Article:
Hillsborough County Commission candidate Paddy Moses on Wednesday denied she expressed any prejudice in a 1978 child custody proceeding when she claimed her former husband was endangering their children by letting them visit his residence near a public housing complex.
According to a record of the 16-year-old deposition, Moses told her ex-husband's attorney, "My children have said to me that the n------ are fighting out in the front yard."
In another excerpt from the deposition, Moses said, "I am just not sure that I want them in colored town yet every other weekend."
In defending her transcribed remarks, Moses, 55, said that she was worried about her chidren's safety and that she was complaining to the court that her children's behavior _ as well as their language _ had deteriorated as a direct result of visits with their father in the College Hill neighborhood where he was living at the time.
"There are several words that never cross my lips: the F word and the N word," Moses said Wednesday. "All I can say is that it must have been an error. I've used "colored' and "Negro.' It has to be a typo."
Despite the controversy, former campaign opponent Gerald White said Wednesday that he will continue to support Moses. White, an African-American utility company worker, threw his support to Moses after she defeated him in the Democratic primary for Jan Platt's countywide commission seat.
White said he had spoken with about 20 other prominent members of the African-American community who also would continue to support Moses.
"The consensus here is that there is a real concern about the comments made in the heat of a custody battle for her children," White said. "The reality is that Paddy Moses has done great work for the African Americans at large.
"We are going to continue to vigorously support Paddy Moses and we'll give her a chance to redeem herself through her work and she will continue to be an asset to the County Commission at large."
Michelle Patty, president of Concerned African American Citizens, said her organization will support Republican challenger Chris Hart. However, Patty said the group's endorsement had nothing to do with the revelation of Moses' 1978 remarks.
Though digging up dirt on opponents has become commonplace in today's era of "'negative campaigning," Moses' embarrassing words came from a different source.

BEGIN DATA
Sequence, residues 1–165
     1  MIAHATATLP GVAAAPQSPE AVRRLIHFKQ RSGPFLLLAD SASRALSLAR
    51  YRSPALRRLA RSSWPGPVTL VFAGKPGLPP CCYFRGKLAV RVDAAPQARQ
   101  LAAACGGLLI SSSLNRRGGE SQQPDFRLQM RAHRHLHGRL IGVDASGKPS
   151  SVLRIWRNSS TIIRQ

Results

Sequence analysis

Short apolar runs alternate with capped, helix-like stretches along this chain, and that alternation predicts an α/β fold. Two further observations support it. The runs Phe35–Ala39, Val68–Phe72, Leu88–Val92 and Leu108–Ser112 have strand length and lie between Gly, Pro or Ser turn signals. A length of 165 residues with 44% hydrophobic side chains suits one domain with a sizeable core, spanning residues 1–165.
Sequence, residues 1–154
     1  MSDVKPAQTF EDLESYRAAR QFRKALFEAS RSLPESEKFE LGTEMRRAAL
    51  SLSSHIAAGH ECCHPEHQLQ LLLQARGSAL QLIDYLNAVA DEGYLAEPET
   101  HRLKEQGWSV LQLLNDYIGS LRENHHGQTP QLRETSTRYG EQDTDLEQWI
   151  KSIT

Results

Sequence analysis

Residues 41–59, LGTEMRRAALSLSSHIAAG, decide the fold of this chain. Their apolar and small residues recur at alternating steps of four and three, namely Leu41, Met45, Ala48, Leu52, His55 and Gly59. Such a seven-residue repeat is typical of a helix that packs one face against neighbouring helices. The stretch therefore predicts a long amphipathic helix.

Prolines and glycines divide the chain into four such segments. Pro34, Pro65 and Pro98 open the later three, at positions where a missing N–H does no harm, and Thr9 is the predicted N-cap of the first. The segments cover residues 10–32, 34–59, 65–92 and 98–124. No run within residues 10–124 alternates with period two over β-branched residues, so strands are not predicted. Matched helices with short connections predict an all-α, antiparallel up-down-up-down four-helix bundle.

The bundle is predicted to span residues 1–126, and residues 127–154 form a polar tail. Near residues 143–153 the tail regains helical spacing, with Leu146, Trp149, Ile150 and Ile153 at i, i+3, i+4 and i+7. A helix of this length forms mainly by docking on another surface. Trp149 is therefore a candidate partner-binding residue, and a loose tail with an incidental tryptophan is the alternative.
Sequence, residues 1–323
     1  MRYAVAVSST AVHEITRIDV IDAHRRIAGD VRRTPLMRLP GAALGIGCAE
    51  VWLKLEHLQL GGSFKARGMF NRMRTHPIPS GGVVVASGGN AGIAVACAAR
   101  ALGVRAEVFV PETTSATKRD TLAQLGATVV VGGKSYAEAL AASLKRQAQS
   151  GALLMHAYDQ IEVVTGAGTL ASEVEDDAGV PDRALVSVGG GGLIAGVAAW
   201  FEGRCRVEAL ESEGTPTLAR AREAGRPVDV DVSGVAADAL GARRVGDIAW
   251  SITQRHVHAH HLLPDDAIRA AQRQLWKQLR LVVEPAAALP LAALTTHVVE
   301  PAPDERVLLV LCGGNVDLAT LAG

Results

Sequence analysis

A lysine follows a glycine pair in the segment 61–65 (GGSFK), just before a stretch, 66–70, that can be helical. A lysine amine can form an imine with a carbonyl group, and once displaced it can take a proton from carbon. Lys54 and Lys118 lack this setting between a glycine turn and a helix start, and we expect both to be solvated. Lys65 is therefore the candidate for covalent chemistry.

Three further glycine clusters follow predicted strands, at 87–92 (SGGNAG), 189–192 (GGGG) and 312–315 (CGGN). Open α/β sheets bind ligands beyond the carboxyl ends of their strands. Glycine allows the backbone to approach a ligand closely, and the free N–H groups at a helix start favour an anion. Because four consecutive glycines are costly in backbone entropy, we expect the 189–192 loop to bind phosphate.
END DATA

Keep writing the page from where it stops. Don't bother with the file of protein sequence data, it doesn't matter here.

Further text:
TheI Tampa TribuneP reported the 16-year-old incident Wednesday after being alerted to it by the candidate's ex-husband, Delbert Moses.
"I lay all that at Delbert Moses' feet because that's the kind of destructive, disinterested and self-centered person he is," said J. Scott Taylor, a Tampa lawyer who represented Moses in her divorce proceeding.
"She repeated a word spoken by a child. And now to call that a racial epithet is, I think, a mischaracterization."
Delbert Moses did not return a reporter's telephone call or answer a knock at his door Wednesday.
"If you read the deposition, it reads, "this is what my kids are coming home saying,'
" said Moses' daughter, Alisa Moses Nix, now 29. "It was a direct quote to the court, this is what they are coming home with."
Ironically, early in the campaign, David Caton's conservative group, the American Family Association, said it would target Moses because she, in Caton's words, "basically believes that nobody should be discriminated against for any reason whatsoever."
Moses' opponent, Republican Chris Hart, said Wednesday that no one in his campaign had anything to do with bringing Moses' 1978 remarks to the attention of news media, adding that he disliked negative campaigning.
"My campaign is about the future of this community and has nothing to do with my opponent," Hart said.
Moses, meanwhile, still was reeling from the incident.
"I knew I would be open to media scrutiny," she said, "but to take a vicious, vengeful husband who has not been in our lives all these years, . . . why do this three weeks before the election?"
_ Times staff writer Marty Rosen contributed to this report.